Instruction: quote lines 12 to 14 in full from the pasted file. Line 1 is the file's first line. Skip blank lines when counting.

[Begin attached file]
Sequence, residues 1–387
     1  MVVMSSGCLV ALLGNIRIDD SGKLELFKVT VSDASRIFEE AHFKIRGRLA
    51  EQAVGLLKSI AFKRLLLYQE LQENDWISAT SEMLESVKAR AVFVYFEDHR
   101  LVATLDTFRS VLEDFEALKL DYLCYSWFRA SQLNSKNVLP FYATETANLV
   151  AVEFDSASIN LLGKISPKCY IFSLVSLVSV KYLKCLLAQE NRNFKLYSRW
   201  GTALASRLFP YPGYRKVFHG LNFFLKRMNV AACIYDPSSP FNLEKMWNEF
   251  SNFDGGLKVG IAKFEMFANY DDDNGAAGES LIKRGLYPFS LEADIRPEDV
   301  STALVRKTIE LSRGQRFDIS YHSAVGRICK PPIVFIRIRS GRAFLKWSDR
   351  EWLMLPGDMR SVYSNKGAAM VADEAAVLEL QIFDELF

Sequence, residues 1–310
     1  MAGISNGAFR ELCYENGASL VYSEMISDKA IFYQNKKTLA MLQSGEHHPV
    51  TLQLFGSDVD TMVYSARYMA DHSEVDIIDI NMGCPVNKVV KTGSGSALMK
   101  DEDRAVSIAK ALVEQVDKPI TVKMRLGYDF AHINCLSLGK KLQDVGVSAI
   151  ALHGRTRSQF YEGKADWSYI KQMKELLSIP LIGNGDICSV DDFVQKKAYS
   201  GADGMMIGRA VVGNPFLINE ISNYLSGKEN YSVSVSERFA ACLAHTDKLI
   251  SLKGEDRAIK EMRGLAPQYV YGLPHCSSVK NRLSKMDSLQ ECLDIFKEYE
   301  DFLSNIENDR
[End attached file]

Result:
    51  TLQLFGSDVD TMVYSARYMA DHSEVDIIDI NMGCPVNKVV KTGSGSALMK
   101  DEDRAVSIAK ALVEQVDKPI TVKMRLGYDF AHINCLSLGK KLQDVGVSAI
   151  ALHGRTRSQF YEGKADWSYI KQMKELLSIP LIGNGDICSV DDFVQKKAYS